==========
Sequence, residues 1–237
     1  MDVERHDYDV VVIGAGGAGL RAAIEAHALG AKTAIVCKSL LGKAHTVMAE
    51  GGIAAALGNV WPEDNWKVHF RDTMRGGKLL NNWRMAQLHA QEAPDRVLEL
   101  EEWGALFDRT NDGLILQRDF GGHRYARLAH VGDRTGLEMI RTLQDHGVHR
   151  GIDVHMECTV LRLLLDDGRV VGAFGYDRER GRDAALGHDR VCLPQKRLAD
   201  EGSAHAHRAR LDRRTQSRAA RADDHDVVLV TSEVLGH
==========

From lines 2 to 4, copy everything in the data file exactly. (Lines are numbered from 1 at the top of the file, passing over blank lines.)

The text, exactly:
     1  MDVERHDYDV VVIGAGGAGL RAAIEAHALG AKTAIVCKSL LGKAHTVMAE
    51  GGIAAALGNV WPEDNWKVHF RDTMRGGKLL NNWRMAQLHA QEAPDRVLEL
   101  EEWGALFDRT NDGLILQRDF GGHRYARLAH VGDRTGLEMI RTLQDHGVHR